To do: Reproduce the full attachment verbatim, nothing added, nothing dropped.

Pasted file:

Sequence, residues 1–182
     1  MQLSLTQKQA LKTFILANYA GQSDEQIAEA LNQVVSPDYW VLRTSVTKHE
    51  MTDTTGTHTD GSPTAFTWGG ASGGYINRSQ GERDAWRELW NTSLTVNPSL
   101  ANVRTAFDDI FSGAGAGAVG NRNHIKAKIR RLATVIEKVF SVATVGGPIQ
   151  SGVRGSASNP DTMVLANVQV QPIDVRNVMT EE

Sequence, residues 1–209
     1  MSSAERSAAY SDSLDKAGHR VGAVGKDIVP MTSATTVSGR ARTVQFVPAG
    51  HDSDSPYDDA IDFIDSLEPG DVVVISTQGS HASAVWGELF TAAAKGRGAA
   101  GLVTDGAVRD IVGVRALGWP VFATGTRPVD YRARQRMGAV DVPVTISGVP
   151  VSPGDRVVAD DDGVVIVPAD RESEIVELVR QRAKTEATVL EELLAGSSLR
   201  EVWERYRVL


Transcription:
Sequence, residues 1–182
     1  MQLSLTQKQA LKTFILANYA GQSDEQIAEA LNQVVSPDYW VLRTSVTKHE
    51  MTDTTGTHTD GSPTAFTWGG ASGGYINRSQ GERDAWRELW NTSLTVNPSL
   101  ANVRTAFDDI FSGAGAGAVG NRNHIKAKIR RLATVIEKVF SVATVGGPIQ
   151  SGVRGSASNP DTMVLANVQV QPIDVRNVMT EE

Sequence, residues 1–209
     1  MSSAERSAAY SDSLDKAGHR VGAVGKDIVP MTSATTVSGR ARTVQFVPAG
    51  HDSDSPYDDA IDFIDSLEPG DVVVISTQGS HASAVWGELF TAAAKGRGAA
   101  GLVTDGAVRD IVGVRALGWP VFATGTRPVD YRARQRMGAV DVPVTISGVP
   151  VSPGDRVVAD DDGVVIVPAD RESEIVELVR QRAKTEATVL EELLAGSSLR
   201  EVWERYRVL